“We’d spent three and a half days together, hadn’t seen each other for 11 months, and I’m going on this airplane to America for the first time to see this guy.”

But their airport reunion, says Dorte, was “absolutely perfect.”

They ran into one another’s arms, and then spent the rest of the summer exploring California together, watching the Olympics — which were taking place in LA that year — and spending time with Greg’s family.

Leaving, Dorte says, was “devastating.”

On the plane home, she couldn’t stop crying, listening to Billy Joel on her Walkman and trying to imagine how she’d cope without seeing Greg every day.

College sweethearts

Back home in Copenhagen, Dorte looked into applying for college in the US. She discovered she could apply for a scholarship at the University of Oregon, where Greg attended school, and she was accepted.

In the summer of 1985, Dorte started her American college experience. Suddenly, she was seeing Greg every day. Their months of separation and the full moon phone calls were in the past.

“There was a lot of cultural adjustment at the university, but in terms of living with Greg and going to school with him, and learning to cook together, and doing sports together, and bicycling and traveling — so natural, I couldn’t imagine it any other way,” says Dorte.

New friends assumed they’d crossed paths at college. When they explained that they’d fallen for one another in a Danish castle, no one could quite believe it.

The couple graduated together in 1988, hosting a big party for their friends and family from the US and Denmark, before embarking on a year backpacking the world together.

First they toured the US, then headed around Europe, before going to Thailand and India.

“We just went all over,” recalls Dorte. “We’re both scuba divers and we climbed hills and [went] trekking and just had an incredible time.”

They also supported one another through the more trying times that inevitably came with traveling together too — from getting sick, to almost missing flights.

“It was just such a great way to solidify our relationship,” says Dorte.

Back home

When the couple returned to the US in 1989, Dorte started studying again — she couldn’t remain in the US without a Visa.

Greg, meanwhile, was thinking about the future. That winter, he proposed to Dorte at Mount Hood Timberline Lodge, a ski resort in Oregon.

“It was just the two of us,” recalls Greg. “I got down on my knee and asked her if she would like to marry me, and she was very excited. So was I. I had some champagne hidden in the snow that I put up there earlier, and she said, ‘Yes.’ And we had a sip of champagne to celebrate a new chapter in our lives.”

The couple got married in 1990 in the state of Washington, at a hotel overlooking the Columbia Gorge, a spectacular site dividing Oregon and Washington.

During his wedding speech, Dorte’s dad joked there was only one thing he didn’t like about Greg — his American zip code.

A rediscovered photograph

The couple honeymooned in Hawaii, and then settled in the US. A few years later, they started thinking about children, although Dorte wasn’t sure at first.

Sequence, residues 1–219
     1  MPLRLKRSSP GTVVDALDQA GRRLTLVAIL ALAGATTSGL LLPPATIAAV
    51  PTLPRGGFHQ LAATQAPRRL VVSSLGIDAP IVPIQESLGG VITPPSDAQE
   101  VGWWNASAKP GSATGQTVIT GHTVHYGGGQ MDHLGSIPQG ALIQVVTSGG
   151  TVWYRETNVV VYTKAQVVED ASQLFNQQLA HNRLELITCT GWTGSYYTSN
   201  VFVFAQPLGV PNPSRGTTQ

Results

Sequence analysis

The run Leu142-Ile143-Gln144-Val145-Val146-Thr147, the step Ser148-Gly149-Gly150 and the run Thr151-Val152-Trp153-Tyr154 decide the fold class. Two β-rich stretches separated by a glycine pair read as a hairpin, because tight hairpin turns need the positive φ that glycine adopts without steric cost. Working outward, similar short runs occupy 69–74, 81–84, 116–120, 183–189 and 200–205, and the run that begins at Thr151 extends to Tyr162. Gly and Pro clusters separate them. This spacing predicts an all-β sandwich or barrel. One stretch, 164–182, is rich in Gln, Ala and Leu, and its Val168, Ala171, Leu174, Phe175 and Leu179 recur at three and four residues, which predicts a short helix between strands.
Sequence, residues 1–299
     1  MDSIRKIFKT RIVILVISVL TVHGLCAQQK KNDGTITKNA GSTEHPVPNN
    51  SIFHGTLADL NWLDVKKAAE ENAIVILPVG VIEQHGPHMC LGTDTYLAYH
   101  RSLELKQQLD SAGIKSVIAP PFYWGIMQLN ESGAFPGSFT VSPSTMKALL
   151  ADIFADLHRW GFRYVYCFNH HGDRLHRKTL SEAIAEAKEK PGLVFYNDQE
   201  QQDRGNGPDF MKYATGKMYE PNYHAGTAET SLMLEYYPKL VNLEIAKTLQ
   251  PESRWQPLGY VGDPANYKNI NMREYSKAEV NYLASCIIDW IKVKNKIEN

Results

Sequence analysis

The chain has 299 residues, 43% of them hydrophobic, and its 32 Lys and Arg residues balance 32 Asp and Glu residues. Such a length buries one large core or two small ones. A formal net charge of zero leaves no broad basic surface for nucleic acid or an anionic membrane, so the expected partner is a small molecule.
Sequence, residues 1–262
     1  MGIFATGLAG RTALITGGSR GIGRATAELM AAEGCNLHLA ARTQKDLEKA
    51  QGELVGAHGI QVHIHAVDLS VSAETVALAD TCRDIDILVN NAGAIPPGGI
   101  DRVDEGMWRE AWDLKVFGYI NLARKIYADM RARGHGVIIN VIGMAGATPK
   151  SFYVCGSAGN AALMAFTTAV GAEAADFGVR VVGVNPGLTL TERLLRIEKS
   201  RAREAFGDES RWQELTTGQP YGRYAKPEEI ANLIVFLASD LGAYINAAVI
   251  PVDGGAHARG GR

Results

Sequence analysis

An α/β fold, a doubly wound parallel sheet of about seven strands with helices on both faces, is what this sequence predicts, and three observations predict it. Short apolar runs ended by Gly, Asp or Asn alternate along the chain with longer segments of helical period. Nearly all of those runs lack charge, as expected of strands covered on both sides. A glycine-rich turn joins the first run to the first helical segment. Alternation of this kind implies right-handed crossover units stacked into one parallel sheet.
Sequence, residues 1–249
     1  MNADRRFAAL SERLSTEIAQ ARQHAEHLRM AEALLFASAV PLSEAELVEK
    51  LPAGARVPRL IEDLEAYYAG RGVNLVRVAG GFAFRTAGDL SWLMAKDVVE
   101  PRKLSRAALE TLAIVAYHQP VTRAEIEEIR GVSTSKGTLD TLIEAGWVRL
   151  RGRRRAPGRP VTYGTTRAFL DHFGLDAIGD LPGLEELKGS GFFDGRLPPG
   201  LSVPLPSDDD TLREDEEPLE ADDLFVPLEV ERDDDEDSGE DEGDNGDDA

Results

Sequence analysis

“We’d been together 11 years and our life was so much fun, and kids kind of can change your life,” she says now.

But the couple decided to embark on this new adventure. In the summer of 1994, Dorte was pregnant and her parents had traveled from Denmark to be there for the birth.

Meanwhile, Mark — Greg’s friend he’d been backpacking with back in 1983 — was sorting through boxes of his old belongings in his mother’s house when he stumbled across the undeveloped photos from those three days in Copenhagen.

He rang Greg to tell him that he’d rediscovered the photo of Greg and Dorte saying goodbye to one another on August 20, 1983.

Greg couldn’t believe it.

“Those were really special photos,” he says.

Greg took the shot of the station farewell to a local artist he knew Dorte admired. He asked the artist to paint the photo in oil on canvas, planning to give Dorte the painting on the 11-year anniversary of the day they’d said goodbye — August 20, 1994.

“I surprised her with it,” recalls Greg.

They both cried when they saw the painting, a snapshot of one of the most important moments of their lives.

“We’re all emotional,” says Greg. “And within 15 to 20 minutes her water broke.”

Their first child was born on August 20.

“Our son was born on our anniversary, which is what we really celebrate more than our wedding anniversary,” says Greg. “Chance and luck and fate and all those things count for a lot more than setting a date and planning everything.”

A few years later, the couple welcomed a daughter, and the family relocated to Denmark for a couple years.

“Which was great, because Greg really got a feeling for my background, culture, my family,” says Dorte.

The Morses moved back to the US in 2000, and they had two more children in the early noughties.

Fast forward to 2021, and Dorte and Greg’s children are now grown up and have their own thirst for adventure. The couple say they’ve instilled their respective cultures — and love of travel — into their family.

“We created very international children, for sure, that are kind of all over the world, which we are proud of and, and happy about — of course, you’d rather have them all here, but they have wings, and they fly, and they’re doing great things,” says Dorte.

The family have also returned many times to Kronborg Castle, the site where it all began.

Growing up together

Now both in their 50s, Dorte and Greg reflect on how an instant attraction and a romantic moment in a Danish castle led to almost four decades of shared life.

“We have kind of grown up together, because we were both so young,” says Dorte. “We were both really well traveled, and we both come from families that really appreciate traveling and education and trying different things — and so in that sense, we were way more mature than maybe some other 19 year olds, but we were still very young.”

The painting of them saying goodbye at Copenhagen Station hangs in pride of place in their home and the full moon, meanwhile, still holds a symbolic place in their lives.

“I still go out and make a wish when I can see it,” says Dorte.